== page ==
The crisis of Representation and Authority

by Dinçer Demirkent

A research paper developed in the Summer School “Teaching the crisis – Geographies, Methodologies, Perspectives”
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The crisis perceived after the influential protests against police attacks to the environmentalists can be read as an institutional crisis or a political crisis of institutions. Turkey witnessed the politization of a nonpolitical critique in a full flood which reminds us the story of overturning the 18th century absolutisms told by Reinhardt Koselleck in Critique and Crisis. During Gezi Park protests we faced with a politization process spread around football fans, apolitical families, secondary school canteens, village coffees, universities, etc. Such unusual synergies and protest forms emerged that there is no similar instance in the history of Turkish Republic. These synergy and protest forms revealed a range of practice that neither conventional opponent political organizations, opponent social movements could contain nor government bodies could identify and repress. The protests which began for saving the trees of Gezi Park transformed a civil commotion in an unpredictable way. Therefore it is hard for the political organizations and people thinking of politics in Turkey to make sense of and to posit what happened. How did this movement emerge? Who is the subject of this movement? In what way the subjectivity processes occurred? And the most importantly ‘what will be and what will change after this movement?’

Some responses were given to these questions in certain conceptual models. The liberal thesis conceived the movement as a reflex directed to save people’s existing lifestyle habits. They saw only ‘middle classes’ in the streets and they saw only the authoritarianism and a more conservative regime. The basic subject of the problem for the liberal intellectuals was Prime Minister Recep Tayyip Erdogan’s increasingly raising authoritative and Islamist tone of voice. Even a liberal intellectual said that if Tayyip Erdogan gave up his angry attitudes there would be no problem (Oran, 2013). Liberals did not see a structural problem particularly in the beginnings of the issue and they thought that the crisis could be prevented by ordinary negotiating models.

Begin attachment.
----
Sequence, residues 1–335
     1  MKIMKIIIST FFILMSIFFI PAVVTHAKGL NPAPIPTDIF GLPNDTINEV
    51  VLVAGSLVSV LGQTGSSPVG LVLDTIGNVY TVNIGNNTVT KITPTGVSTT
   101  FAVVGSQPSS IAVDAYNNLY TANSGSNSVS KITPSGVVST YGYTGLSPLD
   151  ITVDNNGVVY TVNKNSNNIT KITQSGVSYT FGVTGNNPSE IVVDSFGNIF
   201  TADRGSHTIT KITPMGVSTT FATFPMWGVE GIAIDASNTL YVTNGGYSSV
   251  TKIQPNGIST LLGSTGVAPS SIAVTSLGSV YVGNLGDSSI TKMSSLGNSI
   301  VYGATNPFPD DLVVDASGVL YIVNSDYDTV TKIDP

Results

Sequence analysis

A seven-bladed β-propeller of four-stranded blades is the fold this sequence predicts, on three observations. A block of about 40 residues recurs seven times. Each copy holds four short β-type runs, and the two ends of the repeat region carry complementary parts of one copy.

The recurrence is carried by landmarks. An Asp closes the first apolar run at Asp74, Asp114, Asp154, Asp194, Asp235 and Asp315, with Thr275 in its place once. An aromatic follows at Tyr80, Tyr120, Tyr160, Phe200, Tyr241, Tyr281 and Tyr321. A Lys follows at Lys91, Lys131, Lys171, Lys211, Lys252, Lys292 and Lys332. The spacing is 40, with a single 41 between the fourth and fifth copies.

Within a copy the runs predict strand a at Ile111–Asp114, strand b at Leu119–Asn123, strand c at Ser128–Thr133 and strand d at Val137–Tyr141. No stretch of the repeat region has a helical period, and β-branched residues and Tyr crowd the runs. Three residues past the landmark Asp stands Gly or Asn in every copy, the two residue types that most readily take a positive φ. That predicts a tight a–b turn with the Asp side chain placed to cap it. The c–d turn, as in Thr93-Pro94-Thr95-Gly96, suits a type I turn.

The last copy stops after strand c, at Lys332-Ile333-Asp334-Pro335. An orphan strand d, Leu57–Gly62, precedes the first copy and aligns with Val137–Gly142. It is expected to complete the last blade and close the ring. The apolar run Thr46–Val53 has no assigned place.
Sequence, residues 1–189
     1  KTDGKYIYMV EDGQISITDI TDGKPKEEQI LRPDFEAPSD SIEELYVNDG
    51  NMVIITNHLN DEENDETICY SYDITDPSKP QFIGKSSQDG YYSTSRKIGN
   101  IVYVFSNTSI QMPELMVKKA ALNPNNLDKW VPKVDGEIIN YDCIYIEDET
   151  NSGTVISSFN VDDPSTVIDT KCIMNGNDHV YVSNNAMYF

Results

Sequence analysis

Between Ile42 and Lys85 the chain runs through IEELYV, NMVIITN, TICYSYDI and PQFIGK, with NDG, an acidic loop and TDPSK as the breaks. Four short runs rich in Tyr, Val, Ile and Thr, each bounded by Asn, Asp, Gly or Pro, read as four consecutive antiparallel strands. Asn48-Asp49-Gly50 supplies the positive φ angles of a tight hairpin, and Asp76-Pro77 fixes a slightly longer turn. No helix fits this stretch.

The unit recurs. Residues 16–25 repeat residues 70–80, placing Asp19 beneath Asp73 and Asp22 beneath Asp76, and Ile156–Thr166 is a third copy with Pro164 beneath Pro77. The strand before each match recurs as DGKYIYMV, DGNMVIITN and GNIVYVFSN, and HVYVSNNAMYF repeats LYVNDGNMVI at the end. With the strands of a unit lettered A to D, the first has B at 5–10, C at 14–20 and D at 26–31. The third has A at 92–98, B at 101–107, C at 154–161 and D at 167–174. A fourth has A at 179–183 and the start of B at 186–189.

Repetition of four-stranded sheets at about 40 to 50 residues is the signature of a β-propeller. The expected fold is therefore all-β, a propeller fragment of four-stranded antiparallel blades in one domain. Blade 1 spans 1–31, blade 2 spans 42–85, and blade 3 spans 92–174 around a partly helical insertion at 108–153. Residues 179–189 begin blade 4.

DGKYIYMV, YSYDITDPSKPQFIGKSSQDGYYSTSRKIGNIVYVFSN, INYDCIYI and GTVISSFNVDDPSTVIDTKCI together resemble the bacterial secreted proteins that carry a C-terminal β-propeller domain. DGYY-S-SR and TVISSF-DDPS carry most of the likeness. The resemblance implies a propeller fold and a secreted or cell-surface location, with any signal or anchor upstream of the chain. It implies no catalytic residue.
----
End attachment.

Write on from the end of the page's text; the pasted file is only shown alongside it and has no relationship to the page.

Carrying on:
It is no less troublesome to explain what happened in June for the orthodox version of Marxism in Turkey. People in the streets did not remind of a classical working class or a radical petit bourgeoisie. Their protest and politization forms were very different from classical forms. There is no pioneer political party or social class. Even unions couldn’t take a decision of a general strike because they didn’t believe that they have such a power. Likewise the protests that unions led were the weakest of the June days. But the prevalent ambiance was anti-systemic. However the Marxist analysis tried to explain the crises via familiar conceptual tools. The basic problem was the neo-liberal Islamist exclusionist policies of AKP and the subject of the movement was the foreclosed classes of neo-liberal Islamist system of Turkey (Boratav, 2013: 15-20).

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